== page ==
The legislation will boost efforts to protect customers, building upon a previous gazette notice that blocked lenders from blacklisting non-performing loans below Ksh 1000. The CBK also withdrew submissions of unregulated mobile loan platforms into Credit Reference Bureau. The withdrawal came after complaints of misuse over data in the Credit Information Sharing (CIS) System available for lenders.
Last year, Kenya had over 49 platforms providing mobile loans, taking advantage of regulation gaps to charge obscene rates as high as 150% a year. While most platforms allow borrowers to prepay within a month, creditors still pay the full amount plus interest.
Amendments in the CBK Act will help shield consumers from high-interest rates as well as offer transparency on terms of digital loans.
Scope Markets Kenya customers to have instant access to global financial markets
NAIROBI, Kenya, Jul 20 – Clients trading through the Scope Markets Kenya trading platform will get instant access to global financial markets and wider investment options.
This follows the launch of a new Scope Markets app, available on both the Google PlayStore and IOS Apple Store.
The Scope Markets app offers clients over 500 investment opportunities across global financial markets.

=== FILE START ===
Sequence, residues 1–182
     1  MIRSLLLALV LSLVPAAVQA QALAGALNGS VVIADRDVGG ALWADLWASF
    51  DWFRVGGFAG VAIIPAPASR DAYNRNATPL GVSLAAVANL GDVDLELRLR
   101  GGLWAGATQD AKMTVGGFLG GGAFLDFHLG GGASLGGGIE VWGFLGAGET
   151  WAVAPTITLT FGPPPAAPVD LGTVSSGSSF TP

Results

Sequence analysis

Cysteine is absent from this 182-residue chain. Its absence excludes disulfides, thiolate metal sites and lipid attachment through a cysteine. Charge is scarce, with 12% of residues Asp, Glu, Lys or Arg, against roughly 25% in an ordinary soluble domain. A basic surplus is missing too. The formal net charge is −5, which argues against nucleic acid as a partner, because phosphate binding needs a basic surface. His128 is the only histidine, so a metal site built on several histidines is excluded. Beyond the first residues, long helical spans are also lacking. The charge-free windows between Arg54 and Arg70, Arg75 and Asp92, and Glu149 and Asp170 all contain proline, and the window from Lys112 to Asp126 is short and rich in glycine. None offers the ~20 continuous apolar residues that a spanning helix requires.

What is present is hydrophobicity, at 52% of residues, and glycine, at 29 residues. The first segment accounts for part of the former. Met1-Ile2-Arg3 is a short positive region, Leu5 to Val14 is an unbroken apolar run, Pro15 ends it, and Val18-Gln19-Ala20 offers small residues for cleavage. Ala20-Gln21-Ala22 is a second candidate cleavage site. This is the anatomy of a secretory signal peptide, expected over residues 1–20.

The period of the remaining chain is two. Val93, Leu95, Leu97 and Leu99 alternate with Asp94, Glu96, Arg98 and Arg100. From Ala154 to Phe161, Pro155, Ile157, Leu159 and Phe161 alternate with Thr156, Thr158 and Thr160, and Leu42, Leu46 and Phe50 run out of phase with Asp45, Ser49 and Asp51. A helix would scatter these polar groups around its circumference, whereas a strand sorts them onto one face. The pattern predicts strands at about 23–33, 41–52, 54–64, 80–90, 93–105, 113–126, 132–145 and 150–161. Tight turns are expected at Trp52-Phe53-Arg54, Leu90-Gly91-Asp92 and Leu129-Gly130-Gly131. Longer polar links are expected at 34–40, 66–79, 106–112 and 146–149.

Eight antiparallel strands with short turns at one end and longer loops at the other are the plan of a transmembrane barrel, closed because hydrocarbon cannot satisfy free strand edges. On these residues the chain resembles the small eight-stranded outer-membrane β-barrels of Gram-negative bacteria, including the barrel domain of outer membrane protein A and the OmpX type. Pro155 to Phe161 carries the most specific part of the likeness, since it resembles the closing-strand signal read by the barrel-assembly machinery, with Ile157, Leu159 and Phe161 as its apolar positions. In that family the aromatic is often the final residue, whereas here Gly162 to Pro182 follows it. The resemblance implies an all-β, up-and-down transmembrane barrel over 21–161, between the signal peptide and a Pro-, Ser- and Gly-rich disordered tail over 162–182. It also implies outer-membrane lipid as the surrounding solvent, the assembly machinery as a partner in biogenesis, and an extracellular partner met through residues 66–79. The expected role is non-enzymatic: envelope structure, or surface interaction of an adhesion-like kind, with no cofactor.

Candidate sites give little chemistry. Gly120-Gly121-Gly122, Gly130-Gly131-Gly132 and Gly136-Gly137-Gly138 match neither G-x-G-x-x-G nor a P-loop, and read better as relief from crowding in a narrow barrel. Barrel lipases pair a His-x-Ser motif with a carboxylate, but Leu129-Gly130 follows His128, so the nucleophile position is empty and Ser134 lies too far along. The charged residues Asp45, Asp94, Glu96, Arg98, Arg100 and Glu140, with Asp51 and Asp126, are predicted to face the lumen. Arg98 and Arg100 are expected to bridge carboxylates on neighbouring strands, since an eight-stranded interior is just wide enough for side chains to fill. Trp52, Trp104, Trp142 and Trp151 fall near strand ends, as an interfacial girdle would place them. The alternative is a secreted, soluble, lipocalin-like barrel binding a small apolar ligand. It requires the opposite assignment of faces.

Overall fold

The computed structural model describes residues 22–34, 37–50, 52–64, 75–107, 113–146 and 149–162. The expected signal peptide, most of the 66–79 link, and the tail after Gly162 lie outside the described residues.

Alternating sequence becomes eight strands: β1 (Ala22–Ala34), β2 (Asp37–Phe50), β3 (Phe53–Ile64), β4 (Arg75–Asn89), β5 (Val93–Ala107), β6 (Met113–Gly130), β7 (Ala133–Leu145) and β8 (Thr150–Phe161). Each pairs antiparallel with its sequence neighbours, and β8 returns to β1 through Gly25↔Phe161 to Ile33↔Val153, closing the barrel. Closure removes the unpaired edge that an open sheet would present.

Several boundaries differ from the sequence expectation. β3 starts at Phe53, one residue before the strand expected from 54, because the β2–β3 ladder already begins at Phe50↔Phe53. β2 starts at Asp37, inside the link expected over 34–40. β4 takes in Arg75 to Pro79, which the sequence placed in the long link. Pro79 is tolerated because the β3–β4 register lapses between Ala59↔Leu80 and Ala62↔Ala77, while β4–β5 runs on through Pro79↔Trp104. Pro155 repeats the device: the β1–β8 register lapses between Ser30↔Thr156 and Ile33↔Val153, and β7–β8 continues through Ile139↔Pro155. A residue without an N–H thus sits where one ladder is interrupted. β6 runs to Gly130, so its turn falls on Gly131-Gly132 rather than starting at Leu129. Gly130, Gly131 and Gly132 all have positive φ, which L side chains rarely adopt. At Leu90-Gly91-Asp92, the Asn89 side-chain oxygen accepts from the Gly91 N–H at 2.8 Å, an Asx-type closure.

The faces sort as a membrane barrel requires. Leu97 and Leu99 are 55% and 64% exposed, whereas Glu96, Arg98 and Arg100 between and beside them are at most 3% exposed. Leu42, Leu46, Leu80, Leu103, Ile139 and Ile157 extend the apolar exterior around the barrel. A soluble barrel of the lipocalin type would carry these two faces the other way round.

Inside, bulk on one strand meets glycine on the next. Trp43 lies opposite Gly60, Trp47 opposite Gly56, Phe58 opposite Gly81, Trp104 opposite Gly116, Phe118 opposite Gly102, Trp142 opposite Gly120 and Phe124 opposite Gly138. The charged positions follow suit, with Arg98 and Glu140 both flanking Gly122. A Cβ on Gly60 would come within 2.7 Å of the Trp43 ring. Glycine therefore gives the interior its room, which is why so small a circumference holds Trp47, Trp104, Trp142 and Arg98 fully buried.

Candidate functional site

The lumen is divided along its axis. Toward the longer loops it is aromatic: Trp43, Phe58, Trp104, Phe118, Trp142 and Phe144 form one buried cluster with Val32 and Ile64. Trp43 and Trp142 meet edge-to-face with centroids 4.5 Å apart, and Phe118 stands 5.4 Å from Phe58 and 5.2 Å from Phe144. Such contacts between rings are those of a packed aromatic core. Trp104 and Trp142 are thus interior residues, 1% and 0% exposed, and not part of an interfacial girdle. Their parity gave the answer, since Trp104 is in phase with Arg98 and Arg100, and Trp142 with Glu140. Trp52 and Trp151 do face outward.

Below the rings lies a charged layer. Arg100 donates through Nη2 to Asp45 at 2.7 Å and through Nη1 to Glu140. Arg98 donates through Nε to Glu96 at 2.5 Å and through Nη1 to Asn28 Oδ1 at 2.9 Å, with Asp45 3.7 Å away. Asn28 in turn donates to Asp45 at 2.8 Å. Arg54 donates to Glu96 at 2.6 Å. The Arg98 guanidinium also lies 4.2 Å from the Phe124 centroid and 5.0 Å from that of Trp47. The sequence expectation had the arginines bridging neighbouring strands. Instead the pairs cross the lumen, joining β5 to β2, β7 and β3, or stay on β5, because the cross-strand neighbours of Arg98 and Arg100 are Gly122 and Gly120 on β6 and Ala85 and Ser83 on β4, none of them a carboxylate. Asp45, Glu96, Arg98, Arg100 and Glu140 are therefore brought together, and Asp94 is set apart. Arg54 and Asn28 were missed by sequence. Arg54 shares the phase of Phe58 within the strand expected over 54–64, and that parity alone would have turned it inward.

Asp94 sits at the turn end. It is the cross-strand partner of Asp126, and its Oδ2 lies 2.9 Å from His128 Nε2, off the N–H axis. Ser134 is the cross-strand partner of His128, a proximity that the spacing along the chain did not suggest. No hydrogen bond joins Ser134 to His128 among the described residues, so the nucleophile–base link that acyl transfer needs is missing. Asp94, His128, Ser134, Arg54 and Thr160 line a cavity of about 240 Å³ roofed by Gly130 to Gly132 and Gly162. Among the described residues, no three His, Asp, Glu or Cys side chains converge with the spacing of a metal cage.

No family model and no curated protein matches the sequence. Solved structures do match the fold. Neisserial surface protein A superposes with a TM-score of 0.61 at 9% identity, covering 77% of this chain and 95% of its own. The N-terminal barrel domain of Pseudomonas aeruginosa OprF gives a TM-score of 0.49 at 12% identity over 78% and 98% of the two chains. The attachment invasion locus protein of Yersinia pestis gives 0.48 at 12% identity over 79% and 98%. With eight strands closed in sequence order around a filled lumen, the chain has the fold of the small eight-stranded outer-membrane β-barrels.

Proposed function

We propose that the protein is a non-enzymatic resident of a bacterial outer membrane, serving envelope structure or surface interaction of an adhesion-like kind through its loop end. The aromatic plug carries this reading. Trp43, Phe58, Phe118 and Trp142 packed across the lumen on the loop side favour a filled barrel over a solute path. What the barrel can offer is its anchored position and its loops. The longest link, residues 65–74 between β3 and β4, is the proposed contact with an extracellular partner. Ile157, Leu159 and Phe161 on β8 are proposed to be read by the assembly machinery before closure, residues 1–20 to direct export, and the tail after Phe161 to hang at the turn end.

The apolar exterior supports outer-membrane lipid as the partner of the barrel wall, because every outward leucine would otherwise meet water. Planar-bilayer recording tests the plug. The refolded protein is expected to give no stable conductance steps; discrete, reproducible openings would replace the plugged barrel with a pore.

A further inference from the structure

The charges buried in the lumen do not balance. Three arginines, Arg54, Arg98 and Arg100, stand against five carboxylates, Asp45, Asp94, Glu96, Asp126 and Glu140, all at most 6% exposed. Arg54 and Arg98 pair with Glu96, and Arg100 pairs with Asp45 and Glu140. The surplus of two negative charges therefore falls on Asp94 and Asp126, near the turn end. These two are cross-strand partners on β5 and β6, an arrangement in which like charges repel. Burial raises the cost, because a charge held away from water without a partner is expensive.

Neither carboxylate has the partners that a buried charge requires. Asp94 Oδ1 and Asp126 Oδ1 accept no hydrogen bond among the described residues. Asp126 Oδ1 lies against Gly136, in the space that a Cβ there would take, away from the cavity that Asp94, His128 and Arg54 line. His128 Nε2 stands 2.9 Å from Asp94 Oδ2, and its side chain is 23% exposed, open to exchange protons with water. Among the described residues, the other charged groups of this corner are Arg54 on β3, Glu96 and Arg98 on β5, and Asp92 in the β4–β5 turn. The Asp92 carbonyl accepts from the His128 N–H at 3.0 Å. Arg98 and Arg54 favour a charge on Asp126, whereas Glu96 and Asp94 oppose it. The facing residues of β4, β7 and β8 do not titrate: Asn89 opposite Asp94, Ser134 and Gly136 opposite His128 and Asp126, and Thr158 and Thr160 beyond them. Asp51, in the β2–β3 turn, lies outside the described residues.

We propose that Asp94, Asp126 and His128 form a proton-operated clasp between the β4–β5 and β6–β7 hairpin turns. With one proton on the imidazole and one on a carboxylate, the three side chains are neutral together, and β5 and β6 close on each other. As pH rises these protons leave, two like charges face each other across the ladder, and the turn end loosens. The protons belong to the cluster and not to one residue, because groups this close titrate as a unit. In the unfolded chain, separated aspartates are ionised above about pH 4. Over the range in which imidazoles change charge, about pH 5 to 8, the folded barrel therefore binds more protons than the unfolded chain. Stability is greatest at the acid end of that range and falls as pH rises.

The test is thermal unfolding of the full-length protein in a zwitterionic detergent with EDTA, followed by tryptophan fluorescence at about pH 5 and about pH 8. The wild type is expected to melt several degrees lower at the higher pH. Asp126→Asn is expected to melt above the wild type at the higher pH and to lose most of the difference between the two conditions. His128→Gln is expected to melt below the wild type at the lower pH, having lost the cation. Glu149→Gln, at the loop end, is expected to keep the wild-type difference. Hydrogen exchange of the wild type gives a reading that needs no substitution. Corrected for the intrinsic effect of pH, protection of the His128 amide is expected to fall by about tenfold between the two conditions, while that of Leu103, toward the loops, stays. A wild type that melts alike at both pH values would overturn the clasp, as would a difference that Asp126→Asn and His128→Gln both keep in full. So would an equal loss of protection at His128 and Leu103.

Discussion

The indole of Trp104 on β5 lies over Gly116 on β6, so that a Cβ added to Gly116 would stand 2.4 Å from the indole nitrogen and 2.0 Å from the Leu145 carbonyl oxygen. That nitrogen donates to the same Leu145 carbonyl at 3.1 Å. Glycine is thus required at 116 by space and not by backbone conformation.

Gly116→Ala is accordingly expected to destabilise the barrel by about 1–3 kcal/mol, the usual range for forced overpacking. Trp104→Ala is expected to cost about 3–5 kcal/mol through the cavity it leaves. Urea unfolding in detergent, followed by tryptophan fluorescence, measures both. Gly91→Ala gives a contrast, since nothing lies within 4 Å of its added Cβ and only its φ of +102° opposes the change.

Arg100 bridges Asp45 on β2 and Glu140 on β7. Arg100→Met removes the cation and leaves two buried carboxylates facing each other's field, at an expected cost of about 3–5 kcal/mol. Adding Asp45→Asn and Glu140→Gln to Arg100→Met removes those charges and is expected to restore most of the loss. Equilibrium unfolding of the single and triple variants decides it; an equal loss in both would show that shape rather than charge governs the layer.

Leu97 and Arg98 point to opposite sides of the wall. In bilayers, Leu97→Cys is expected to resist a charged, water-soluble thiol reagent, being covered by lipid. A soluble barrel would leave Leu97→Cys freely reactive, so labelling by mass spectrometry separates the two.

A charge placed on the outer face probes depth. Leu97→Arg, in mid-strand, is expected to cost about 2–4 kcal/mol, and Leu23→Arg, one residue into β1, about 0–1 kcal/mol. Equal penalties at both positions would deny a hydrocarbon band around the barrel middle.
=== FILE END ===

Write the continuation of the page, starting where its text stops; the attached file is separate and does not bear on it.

The Scope Markets app has a brand new user interface that is very user friendly, following feedback from customers.
The application offers real-time quotes; newsfeeds; research facilities, and a chat feature which enables a customer to make direct contact with the Customer Service Team during trading days (Monday to Friday).
The platform also offers an enhanced client interface including catering for those who trade at night.
The client will get instant access to several asset classes in the global financial markets including; Single Stocks CFDs (US, UK, EU) such as Facebook, Amazon, Apple, Netflix and Google, BP, Carrefour; Indices (Nasdaq, FTSE UK), Metals (Gold, Silver); Currencies (60+ Pairs), Commodities (Oil, Natural Gas).
The launch is part of Scope Markets Kenya strategy of enriching the customer experience while offering clients access to global trading opportunities.
Scope Markets Kenya CEO, Kevin Ng’ang’a observed, “the Sope Markets app is very easy to use especially when executing trades. Customers are at the heart of everything we do. We designed the Scope Markets app with the customer experience in mind as we seek to respond to feedback from our customers.”
He added that enhancing the client experience builds upon the robust trading platform, Meta Trader 5, unveiled in 2019, enabling Scope Markets Kenya to broaden the asset classes available on the trading platform.